Eventually I am hoping that Boxee will add an app to allow viewing of Amazon Video On Demand. While not currently available, this essentially gives any Boxee machine ability to view movies “On Demand” much like a cable box does. It would also allow the viewing of “Season Passes” for television shows. This is where the future is at – so I hope both Amazon and Boxee are on board with getting together on this.
I am going to keep the Blu-ray player we currently have attached, but I am hoping in the future to eliminate it either by ripping the movies to storage or by attacking a blu-ray drive to the machine.
We did occasionally use Verizon’s music channels, but lets be honest, there are a lot of better options out there. I am a Pandora One subscriber and there is a Boxee app to connect into Pandora. There are a ton of other choices out there, and in the long run even a subscription to something like Rhapsody might be worth-while if we find outselves listening to a lot of music.
Boxee will also allow us to stream all of our downloaded music and stored MP3s, something that Verizon boxes can do but they charge $20 for their “Media Manager” package. While their setup might work for those who don’t know how to set something like this up, I thought it was a bit of a rip at $20 monthly for something you already own.
Boxee also has a great podcasting interface, and although I don’t think that I would use this feature for someone who is into podcasts this could be a neat function.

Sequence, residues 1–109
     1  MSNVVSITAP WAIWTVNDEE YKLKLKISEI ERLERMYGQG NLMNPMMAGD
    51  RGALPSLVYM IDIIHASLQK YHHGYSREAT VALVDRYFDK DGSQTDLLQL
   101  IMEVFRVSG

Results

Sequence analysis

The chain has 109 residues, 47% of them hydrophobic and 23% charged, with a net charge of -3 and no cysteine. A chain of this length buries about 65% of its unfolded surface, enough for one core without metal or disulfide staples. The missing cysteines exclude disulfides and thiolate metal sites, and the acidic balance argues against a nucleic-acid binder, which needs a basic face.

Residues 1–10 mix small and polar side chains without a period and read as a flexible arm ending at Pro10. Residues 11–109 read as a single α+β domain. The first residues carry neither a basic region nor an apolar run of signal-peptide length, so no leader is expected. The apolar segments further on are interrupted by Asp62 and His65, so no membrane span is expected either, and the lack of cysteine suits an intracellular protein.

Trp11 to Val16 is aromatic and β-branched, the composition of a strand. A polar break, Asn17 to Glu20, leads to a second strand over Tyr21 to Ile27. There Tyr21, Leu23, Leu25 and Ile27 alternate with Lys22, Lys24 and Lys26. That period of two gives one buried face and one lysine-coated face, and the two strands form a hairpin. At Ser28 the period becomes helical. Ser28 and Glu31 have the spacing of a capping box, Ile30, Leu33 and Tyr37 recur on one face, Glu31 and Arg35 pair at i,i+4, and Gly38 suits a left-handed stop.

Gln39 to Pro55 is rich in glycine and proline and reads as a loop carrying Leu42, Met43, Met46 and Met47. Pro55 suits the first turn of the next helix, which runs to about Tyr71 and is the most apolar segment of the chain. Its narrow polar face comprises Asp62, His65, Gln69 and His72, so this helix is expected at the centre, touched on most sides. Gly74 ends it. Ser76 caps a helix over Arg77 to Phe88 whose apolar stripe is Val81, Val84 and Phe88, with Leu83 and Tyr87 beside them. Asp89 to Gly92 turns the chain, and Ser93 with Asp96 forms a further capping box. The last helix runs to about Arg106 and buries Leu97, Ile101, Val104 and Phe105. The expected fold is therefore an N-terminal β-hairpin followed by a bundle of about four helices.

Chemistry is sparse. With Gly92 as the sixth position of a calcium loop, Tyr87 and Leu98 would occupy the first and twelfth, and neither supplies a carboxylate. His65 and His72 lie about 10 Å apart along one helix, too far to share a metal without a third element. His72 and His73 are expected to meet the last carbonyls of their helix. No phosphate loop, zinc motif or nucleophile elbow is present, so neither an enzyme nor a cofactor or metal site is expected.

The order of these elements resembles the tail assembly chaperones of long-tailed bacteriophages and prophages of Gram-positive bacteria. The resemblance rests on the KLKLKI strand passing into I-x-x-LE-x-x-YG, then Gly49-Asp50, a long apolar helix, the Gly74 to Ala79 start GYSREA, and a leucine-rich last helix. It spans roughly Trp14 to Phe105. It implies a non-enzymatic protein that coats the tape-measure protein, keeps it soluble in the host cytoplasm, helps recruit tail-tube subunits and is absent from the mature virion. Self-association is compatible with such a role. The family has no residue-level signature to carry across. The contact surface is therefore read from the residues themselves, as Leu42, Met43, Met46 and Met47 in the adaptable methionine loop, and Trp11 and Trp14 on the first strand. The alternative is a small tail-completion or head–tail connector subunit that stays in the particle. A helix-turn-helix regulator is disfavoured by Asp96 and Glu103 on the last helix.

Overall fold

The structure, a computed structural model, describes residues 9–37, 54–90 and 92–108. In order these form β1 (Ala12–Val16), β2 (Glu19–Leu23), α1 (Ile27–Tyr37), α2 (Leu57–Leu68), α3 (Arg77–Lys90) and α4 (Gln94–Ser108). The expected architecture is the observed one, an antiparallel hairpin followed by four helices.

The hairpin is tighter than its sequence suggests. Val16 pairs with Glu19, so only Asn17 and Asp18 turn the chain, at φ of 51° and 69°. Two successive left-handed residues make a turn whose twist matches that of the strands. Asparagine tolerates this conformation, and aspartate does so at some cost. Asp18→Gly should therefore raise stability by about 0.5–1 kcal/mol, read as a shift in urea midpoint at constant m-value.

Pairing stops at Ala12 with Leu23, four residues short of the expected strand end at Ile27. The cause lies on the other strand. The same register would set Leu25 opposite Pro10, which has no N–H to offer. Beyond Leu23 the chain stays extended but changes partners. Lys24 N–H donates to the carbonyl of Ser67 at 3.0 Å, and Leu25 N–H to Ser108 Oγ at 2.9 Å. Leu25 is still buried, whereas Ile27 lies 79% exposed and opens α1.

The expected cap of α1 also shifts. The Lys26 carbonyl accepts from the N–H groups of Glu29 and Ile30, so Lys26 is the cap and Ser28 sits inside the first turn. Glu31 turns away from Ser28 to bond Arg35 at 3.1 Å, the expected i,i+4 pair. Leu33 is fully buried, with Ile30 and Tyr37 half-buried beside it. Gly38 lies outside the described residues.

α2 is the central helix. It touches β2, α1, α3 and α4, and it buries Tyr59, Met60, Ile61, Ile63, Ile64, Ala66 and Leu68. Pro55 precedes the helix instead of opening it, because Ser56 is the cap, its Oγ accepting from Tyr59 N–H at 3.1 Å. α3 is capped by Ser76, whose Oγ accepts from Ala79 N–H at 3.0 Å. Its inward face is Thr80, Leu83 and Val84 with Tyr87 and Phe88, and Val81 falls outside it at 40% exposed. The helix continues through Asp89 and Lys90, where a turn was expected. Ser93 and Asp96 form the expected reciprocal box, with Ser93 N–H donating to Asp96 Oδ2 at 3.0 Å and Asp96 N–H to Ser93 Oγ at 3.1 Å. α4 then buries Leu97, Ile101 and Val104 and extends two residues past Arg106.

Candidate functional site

4. Other content
This is beyond the scope of this post, but via the Boxee interface there is a ton of content out there that is available for free. Everything from YouTube to OpenCourseWare to any type of video RSS feed. Developers are adding more content daily. A lot of it is niche content and not everyone will want to be navigating around the interface looking for things, but there is TON of information that is available via the Boxee software. After I get this set up, I plan on writing a post about how my family actually uses the setup.
In summary, the above is my plan for the great switchover. With the savings from not paying for Cable TV and all of those channels that I never use, I am hoping the up-front investment will pay for itself in about 6 months. I’m sure there will be some items which I forgot to include and will be last moment purchases but I think since I’ve thought this through pretty thoroughly they will keep to a mimimum.
Up front costs: $600 (personally defrayed 50% since I have most of the required software and hardware)
Monthly savings: $60
Let me know if you have any thoughts about my solutions or recommendations on anything you think I will need to add to the system. I’ll be writing series of posts on the hardware and my progress in getting the system set up. I plan on documenting the setup, and the speedbumps, to assist others in setting up a similar system. You can also follow my progress via @ddrager.